Influence of Large Intraocular Pressure Reduction on Peripapillary OCT Vessel Density in Ocular Hypertensive and Glaucoma Eyes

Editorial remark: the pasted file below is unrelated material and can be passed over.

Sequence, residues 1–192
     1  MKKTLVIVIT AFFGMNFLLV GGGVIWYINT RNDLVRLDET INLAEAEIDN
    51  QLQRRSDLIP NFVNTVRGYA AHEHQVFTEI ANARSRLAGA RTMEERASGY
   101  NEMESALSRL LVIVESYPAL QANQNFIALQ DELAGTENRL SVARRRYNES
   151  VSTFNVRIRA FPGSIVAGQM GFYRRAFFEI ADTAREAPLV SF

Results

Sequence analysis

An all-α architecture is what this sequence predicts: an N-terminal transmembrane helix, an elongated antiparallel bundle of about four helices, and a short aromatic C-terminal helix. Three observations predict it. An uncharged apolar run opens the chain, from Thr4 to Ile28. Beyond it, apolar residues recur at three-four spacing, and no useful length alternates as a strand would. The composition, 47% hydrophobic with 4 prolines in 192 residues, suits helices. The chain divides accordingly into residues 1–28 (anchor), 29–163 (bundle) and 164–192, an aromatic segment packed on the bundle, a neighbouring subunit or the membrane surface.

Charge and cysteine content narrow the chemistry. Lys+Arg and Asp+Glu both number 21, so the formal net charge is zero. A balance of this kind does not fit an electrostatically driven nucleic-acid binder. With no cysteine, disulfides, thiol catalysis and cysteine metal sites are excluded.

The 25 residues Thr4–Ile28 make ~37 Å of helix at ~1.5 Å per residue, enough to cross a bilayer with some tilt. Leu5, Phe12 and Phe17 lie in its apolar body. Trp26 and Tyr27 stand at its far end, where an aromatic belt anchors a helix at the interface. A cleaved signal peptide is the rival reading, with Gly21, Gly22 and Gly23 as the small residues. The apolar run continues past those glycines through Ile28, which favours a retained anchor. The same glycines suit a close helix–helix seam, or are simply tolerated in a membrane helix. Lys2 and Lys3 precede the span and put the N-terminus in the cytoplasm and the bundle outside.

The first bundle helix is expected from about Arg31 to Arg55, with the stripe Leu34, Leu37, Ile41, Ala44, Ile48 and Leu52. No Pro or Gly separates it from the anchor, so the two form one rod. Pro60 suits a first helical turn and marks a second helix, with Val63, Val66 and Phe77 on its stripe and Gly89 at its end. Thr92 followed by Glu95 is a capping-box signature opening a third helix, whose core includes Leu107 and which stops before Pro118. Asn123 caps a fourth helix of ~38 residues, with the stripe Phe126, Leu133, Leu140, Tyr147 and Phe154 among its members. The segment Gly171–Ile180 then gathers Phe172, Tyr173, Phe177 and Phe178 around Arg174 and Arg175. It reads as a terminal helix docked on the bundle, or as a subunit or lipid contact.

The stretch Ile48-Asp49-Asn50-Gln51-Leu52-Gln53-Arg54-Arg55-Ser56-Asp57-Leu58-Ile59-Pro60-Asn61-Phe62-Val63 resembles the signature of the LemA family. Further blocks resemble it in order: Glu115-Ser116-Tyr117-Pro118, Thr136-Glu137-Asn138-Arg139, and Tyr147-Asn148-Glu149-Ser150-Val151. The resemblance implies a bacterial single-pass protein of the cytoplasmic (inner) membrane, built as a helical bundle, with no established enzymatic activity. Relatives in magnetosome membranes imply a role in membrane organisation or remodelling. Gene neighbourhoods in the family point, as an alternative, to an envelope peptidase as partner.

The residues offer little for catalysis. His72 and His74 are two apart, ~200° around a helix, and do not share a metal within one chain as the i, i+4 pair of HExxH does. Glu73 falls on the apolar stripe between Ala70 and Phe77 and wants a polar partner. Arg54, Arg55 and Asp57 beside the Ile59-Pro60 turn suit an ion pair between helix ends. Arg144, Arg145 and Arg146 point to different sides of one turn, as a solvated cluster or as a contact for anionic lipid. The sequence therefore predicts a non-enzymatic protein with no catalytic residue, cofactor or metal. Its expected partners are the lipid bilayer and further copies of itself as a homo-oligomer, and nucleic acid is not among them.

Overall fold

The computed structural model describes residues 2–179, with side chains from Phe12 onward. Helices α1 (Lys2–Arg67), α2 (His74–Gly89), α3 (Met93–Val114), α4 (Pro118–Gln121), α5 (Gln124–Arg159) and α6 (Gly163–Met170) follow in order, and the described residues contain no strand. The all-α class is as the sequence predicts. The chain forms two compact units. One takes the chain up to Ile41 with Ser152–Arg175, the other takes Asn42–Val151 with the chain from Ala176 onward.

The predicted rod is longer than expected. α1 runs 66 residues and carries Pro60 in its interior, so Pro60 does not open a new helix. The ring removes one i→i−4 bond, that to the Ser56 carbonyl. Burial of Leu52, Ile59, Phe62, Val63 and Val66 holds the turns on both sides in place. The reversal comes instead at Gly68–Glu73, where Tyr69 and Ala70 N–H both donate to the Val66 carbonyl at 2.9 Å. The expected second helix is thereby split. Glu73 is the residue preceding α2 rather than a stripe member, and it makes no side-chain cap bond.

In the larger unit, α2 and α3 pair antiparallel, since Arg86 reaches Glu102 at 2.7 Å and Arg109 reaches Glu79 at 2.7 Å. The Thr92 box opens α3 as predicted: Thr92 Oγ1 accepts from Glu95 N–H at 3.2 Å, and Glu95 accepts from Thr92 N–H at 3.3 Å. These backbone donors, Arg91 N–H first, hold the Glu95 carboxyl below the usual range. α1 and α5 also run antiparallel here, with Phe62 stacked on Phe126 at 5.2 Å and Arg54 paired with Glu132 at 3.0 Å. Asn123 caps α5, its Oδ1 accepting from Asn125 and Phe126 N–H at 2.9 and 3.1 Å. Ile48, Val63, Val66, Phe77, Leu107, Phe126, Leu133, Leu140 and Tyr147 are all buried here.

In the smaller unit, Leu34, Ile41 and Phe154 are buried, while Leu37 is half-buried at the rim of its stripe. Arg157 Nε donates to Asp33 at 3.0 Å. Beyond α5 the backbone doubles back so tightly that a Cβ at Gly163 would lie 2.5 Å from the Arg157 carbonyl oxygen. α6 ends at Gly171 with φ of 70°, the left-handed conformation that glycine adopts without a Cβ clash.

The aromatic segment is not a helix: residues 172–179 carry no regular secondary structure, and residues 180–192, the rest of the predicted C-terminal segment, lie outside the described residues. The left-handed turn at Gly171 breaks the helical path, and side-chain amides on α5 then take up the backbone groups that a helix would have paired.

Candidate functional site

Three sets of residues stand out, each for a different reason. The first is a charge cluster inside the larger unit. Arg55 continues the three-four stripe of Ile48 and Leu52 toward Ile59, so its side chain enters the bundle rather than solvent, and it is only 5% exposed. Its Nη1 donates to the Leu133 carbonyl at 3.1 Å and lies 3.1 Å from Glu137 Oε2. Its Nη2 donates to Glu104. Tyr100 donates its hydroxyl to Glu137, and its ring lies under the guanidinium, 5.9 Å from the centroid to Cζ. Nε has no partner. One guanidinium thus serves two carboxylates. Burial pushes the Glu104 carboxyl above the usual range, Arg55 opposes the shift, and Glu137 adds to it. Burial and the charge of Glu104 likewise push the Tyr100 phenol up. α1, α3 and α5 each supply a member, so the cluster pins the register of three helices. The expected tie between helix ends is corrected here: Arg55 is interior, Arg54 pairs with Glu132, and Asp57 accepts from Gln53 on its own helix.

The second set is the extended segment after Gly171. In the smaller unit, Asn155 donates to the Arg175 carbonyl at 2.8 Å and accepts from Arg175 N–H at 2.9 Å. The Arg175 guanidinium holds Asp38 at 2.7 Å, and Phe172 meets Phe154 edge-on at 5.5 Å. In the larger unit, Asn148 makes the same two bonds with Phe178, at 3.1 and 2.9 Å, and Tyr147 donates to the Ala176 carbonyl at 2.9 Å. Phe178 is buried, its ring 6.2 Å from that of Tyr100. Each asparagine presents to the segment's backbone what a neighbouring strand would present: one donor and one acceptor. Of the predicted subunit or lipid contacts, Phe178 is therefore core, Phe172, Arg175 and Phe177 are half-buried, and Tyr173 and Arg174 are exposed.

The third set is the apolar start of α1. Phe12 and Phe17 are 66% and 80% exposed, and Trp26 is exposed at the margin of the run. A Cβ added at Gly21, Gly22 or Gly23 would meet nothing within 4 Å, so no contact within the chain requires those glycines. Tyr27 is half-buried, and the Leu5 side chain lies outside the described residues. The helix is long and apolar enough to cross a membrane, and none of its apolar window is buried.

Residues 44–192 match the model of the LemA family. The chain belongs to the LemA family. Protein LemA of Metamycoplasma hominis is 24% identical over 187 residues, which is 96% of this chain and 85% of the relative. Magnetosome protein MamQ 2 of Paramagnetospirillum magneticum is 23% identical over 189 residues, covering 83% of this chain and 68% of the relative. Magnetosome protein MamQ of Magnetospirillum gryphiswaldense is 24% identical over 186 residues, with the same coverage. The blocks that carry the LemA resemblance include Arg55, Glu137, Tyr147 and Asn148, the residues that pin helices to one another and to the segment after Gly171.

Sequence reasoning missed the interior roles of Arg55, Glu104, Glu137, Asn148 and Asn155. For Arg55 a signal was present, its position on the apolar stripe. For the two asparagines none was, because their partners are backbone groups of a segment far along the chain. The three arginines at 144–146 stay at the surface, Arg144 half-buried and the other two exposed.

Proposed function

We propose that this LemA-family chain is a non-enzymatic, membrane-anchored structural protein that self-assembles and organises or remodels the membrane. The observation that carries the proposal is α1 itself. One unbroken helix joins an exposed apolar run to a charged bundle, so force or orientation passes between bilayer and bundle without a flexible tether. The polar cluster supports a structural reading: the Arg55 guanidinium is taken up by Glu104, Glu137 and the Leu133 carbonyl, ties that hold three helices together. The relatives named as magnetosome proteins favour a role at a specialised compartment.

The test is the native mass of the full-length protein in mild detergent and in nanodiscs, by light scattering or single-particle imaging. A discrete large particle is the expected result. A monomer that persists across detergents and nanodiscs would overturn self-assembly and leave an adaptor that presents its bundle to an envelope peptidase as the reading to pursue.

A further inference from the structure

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Background/Purpose:Optical coherence tomography (OCT) angiography is a new noninvasive method to measure peripapillary microcirculation in various retinal layers, separately. In this case series, we investigate whether large medical intraocular pressure (IOP) reduction (>50% of the untreated baseline value) to IOP≤18 mm Hg influences peripapillary angioflow density (PAFD, percentage of the analyzed retinal area) in the retinal nerve fiber layer in high pressure (IOP≥35 mm Hg) ocular hypertensive and glaucoma eyes.Methods:The AngioVue OCT (software version 2015.100.0.33) was used for PAFD measurements in 6 eyes of 4 consecutive newly detected young patients (age: 32 to 45 y; 2 ocular hypertensive and 4 pigment dispersion/glaucoma eyes). PAFD was measured on high quality images (signal strength index >50) at untreated baseline and 2 to 4 weeks later when the IOP was medically reduced. The PAFD measurements were immediately followed by IOP measurements.Results:Untreated and under treatment IOP ranged between 35 and 42 mm Hg, and 12 and 18 mm Hg, respectively (IOP decrease >50% in all cases). Peripapillary PAFD increased in all cases, in 5 cases the increase was greater than the baseline value plus 2 test-retest variability determined earlier by us on glaucoma eyes.Conclusions:The results suggest that large medical IOP reduction may result in clinically significant increase of peripapillary capillary perfusion in the retinal nerve fiber layer in young individuals with high untreated IOP. To evaluate the clinical usefulness of OCT angiography in the management of glaucoma detailed prospective clinical studies are necessary.

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